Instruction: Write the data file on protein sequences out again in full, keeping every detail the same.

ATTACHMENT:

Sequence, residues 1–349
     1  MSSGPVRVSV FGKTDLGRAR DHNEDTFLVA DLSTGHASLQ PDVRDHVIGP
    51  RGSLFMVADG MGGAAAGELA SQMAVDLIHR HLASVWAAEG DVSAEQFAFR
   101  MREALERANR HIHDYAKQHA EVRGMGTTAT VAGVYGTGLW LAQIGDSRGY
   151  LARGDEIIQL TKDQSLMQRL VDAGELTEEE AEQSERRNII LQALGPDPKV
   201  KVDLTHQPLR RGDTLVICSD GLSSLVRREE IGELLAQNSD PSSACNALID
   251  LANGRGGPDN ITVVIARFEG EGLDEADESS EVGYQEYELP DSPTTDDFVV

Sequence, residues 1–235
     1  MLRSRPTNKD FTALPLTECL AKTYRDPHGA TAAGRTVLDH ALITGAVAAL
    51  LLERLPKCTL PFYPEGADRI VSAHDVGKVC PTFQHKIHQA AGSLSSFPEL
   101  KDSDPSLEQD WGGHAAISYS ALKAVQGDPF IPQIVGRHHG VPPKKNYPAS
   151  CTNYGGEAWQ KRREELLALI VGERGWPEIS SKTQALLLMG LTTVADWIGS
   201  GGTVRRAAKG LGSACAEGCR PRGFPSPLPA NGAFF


Sequence, residues 1–349
     1  MSSGPVRVSV FGKTDLGRAR DHNEDTFLVA DLSTGHASLQ PDVRDHVIGP
    51  RGSLFMVADG MGGAAAGELA SQMAVDLIHR HLASVWAAEG DVSAEQFAFR
   101  MREALERANR HIHDYAKQHA EVRGMGTTAT VAGVYGTGLW LAQIGDSRGY
   151  LARGDEIIQL TKDQSLMQRL VDAGELTEEE AEQSERRNII LQALGPDPKV
   201  KVDLTHQPLR RGDTLVICSD GLSSLVRREE IGELLAQNSD PSSACNALID
   251  LANGRGGPDN ITVVIARFEG EGLDEADESS EVGYQEYELP DSPTTDDFVV

Sequence, residues 1–235
     1  MLRSRPTNKD FTALPLTECL AKTYRDPHGA TAAGRTVLDH ALITGAVAAL
    51  LLERLPKCTL PFYPEGADRI VSAHDVGKVC PTFQHKIHQA AGSLSSFPEL
   101  KDSDPSLEQD WGGHAAISYS ALKAVQGDPF IPQIVGRHHG VPPKKNYPAS
   151  CTNYGGEAWQ KRREELLALI VGERGWPEIS SKTQALLLMG LTTVADWIGS
   201  GGTVRRAAKG LGSACAEGCR PRGFPSPLPA NGAFF